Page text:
Our sense of identity may stem from our vocation or occupation in life since, it is the realization of our potential, but our strength of character stems from our family. In common parlance, our family reflects our background. Most people confuse affluence to be synonymous with ‘a good family background’, and we do all that we can to prop up our inanimate pieces of furniture in silk and satin. But just as clothes don’t make a man; our fancy fittings don’t make our family background.
So what is it about our family that speaks for who we are, that defines us in a society?
It is solely and primarily the kind of inter- personal relationships that we share with the members of our family that define our background. When we allude to someone as a person from a cultured family, what we mean is someone who comes from a family where the rules of co operation are observed. In the Hindu way of life, moral ideals such as- non-violence, truthfulness, compassion, fortitude, friendliness, self-control and generosity are seen as rules of co operation, the practice of which begins at home, within the four walls.
It is by balancing our desires with duty that we establish culture. And this culture which is practiced at home reflects in the behavior of an individual in the way in which they conduct themselves in the society. When this is lacking in one’s environment, the individual too would display a hostile behavior. Also, no matter how upscale our place of residence is, if the environment is volatile, then sooner or later it is bound to crumble. According to Roman Historian, Sallust: “Harmony makes small things grow, lack of it makes even great things crumble”.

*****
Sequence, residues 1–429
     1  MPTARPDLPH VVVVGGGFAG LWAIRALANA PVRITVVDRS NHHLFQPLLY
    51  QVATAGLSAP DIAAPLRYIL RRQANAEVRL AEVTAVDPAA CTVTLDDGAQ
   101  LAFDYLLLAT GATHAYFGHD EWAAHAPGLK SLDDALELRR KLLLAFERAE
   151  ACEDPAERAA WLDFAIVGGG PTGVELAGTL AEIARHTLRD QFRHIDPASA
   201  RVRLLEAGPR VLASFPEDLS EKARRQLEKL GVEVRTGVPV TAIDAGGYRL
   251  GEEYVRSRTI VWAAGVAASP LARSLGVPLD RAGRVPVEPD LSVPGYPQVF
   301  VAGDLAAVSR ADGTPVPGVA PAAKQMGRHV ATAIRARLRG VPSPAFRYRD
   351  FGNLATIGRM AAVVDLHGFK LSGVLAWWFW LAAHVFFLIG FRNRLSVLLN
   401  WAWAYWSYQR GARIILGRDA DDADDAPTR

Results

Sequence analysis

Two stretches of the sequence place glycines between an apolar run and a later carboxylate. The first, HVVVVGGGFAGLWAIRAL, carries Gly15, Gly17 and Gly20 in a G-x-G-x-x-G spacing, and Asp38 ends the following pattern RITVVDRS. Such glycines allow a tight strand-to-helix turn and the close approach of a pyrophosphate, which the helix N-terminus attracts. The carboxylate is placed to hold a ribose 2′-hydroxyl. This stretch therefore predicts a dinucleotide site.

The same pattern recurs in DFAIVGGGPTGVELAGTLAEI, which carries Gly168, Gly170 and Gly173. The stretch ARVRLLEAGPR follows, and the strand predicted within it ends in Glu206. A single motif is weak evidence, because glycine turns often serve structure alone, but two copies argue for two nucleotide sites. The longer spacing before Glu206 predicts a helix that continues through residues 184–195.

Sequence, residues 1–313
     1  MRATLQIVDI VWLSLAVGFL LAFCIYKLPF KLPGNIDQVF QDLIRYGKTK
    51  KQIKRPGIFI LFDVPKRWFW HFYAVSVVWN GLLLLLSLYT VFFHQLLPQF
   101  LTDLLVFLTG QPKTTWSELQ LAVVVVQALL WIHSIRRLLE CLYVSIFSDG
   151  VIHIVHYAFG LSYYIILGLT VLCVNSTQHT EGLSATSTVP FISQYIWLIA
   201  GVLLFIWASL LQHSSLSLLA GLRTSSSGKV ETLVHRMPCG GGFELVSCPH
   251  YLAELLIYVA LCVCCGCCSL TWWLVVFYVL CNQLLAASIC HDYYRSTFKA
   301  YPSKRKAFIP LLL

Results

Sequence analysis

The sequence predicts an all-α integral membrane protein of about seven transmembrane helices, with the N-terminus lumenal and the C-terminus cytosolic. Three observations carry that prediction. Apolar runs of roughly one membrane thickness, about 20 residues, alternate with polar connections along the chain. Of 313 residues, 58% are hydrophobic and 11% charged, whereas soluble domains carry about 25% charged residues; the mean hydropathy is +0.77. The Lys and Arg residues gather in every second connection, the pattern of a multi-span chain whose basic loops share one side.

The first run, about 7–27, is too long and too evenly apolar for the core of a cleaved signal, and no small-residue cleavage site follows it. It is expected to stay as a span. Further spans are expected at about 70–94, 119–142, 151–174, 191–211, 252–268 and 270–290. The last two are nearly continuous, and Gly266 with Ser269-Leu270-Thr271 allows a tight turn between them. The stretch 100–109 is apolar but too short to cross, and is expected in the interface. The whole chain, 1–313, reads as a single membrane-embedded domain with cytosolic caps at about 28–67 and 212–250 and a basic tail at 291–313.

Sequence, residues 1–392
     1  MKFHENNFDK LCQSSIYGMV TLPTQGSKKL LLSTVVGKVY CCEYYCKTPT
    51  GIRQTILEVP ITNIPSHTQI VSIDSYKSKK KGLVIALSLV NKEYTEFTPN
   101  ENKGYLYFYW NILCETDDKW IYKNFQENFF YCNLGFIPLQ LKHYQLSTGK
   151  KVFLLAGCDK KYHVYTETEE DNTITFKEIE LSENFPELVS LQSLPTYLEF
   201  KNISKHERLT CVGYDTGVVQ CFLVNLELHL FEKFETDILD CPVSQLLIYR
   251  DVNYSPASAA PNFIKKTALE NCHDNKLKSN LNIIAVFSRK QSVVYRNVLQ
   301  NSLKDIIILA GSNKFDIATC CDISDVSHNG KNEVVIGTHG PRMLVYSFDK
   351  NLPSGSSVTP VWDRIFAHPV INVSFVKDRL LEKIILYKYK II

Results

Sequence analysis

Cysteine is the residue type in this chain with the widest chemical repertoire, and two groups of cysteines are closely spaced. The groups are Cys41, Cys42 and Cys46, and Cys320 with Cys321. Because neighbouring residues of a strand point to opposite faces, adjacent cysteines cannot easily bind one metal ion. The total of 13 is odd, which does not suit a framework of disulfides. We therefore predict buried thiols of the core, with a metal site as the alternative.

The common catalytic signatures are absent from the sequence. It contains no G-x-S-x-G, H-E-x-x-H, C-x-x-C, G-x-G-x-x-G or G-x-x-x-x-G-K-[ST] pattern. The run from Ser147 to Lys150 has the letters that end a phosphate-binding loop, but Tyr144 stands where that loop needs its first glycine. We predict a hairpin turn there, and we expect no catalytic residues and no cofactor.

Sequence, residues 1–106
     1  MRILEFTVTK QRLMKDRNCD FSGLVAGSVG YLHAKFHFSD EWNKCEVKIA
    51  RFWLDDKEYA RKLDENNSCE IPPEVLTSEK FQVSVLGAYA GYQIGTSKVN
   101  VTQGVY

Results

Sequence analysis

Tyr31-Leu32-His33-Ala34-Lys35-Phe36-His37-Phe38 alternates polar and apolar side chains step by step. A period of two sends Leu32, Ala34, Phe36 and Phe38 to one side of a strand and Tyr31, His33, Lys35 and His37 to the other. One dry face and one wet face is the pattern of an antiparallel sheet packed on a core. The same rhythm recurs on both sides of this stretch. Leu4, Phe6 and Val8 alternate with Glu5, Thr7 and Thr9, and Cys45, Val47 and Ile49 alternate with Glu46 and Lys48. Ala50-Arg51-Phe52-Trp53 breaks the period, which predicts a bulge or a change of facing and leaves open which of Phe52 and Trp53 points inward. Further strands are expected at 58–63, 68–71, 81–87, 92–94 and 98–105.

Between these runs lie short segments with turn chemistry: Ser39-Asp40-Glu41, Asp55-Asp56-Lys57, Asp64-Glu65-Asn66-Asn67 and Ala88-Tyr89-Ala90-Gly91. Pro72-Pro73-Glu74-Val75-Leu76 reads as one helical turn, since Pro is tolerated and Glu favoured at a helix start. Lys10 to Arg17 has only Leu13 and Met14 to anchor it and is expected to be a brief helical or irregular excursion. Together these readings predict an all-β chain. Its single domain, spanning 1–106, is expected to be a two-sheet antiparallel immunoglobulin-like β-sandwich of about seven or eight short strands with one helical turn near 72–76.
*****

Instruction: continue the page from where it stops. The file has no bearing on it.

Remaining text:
So whether it’s at home or society, when the rules of co-operation are not followed, it is bound to collapse. Culture turns a home into a house, a bunch of nomads into a society, a cluster of buildings into a civilization. With culture comes order, with order comes peace. Interestingly, the aim of all rituals is peace. Every ritual is concluded with the chant of –‘Peace, peace, peace’ (shanti, shanti, shanti). Peace ushers prosperity and with prosperity comes power, with power and prosperity one seeks contentment in transcendental knowledge, through music, arts and literature.
As Jean Paul Sartre (Words) writes: “Stained glass windows, flying buttresses, sculpted portals…Meditations in verse…such Humanities led us straight to the Divine…one and the same breath shaped God’s works and great human works…The spirit spoke to God about men and it bore witness of God to men.”
Let us then as individuals of a cultured society domesticate our mind and allow peace to abide. ‘Shanti, shanti, shanti’.